Nathan Proctor, leader of right-to-repair efforts for the advocacy group U.S. PIRG, said his organization will monitor how the policy functions in the real world. “We care about people’s actual experiences. We’ll keep watchdogging Apple and other companies,” he stated.
In summary, Apple’s concession to allow consumers and independent repair shops full access to genuine parts, tools, and manuals nationwide is a major win for the right-to-repair movement. However, advocates remain wary and will keep close watch to ensure Apple follows through on its commitments. If effective, the policy change could significantly benefit consumers, small businesses, and the environment.
Frequently Asked Questions
What is the right-to-repair movement?
The right-to-repair movement advocates that consumers and independent repair shops should have access to the parts, tools, and information needed to fix electronic devices. This allows people to repair their own items, promoting affordability, convenience, and sustainability.
How has Apple’s policy changed regarding repairs?
Previously, Apple tightly controlled repairs on its products, only providing genuine parts and manuals to authorized shops. Now Apple has agreed to make parts, tools, and guides available to anyone nationwide who wants to fix iPhones and Macs, embracing right-to-repair principles.
How could this policy change benefit consumers?
Consumers will have more choices for where and how to get Apple devices repaired at likely lower prices. They can go to independent repair shops or perform DIY repairs using genuine Apple parts. This makes repairs more accessible and affordable.
What concerns do right-to-repair advocates still have?
Some advocates remain cautiously optimistic, wanting to ensure Apple fully follows through on providing complete access to anyone who wants to fix devices. They emphasize the need to monitor real-world implementation and hold Apple accountable.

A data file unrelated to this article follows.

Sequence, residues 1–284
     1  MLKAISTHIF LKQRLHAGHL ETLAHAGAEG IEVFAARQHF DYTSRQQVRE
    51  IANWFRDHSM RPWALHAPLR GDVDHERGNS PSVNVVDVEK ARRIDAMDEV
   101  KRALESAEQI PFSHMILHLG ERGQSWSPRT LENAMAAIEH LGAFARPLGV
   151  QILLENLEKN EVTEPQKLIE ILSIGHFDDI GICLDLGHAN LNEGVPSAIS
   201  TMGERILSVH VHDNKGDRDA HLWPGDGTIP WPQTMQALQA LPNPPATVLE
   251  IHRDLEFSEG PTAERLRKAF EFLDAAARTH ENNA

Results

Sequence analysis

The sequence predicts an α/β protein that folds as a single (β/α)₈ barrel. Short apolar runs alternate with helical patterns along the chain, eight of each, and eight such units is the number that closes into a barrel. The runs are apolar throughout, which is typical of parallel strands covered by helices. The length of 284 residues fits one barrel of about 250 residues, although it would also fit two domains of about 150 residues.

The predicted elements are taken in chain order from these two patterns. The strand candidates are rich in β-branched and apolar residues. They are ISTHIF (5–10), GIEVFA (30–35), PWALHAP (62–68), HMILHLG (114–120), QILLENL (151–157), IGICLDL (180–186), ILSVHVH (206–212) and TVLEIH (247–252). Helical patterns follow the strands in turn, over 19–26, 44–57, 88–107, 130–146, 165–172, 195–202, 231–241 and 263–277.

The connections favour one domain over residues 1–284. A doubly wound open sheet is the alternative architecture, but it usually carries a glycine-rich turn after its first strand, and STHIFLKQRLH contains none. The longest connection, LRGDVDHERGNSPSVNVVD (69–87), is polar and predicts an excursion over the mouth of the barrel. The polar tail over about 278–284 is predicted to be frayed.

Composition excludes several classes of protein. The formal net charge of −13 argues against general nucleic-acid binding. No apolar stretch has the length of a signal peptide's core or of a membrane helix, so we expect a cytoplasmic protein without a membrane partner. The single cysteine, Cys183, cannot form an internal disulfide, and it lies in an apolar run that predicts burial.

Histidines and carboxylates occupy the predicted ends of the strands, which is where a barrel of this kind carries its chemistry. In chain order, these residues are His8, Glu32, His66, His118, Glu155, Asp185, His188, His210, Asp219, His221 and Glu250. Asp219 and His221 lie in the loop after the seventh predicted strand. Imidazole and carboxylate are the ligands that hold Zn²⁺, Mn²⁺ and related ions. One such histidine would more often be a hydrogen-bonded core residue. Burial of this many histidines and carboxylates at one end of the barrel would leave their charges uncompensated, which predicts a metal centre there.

How could the policy change impact sustainability?
If consumers can repair devices, less electronic waste may be generated, diverting items from landfills. Enabling repair extends product lifespan and reduces the resources required to manufacture new items.
Apple permitting open access to parts, tools, and information required for device repairs promises significant benefits for consumers, small businesses, and the environment. However, the true impact depends on how comprehensively Apple fulfills its pledges compared to past shortcomings around right-to-repair. Advocates will keep a close eye on the policy rollout to confirm Apple delivers meaningful change that matches its promises. This marks a major development in the broader right-to-repair movement aimed at empowering consumer device repairs. If effective, it could pressure other manufacturers to follow Apple’s lead.
Blake Steve is an accomplished writer, researcher, and technology expert specializing in product research and reviews. With an extensive background in the field, Blake has developed a keen eye for evaluating and analyzing various products across a wide range of industries.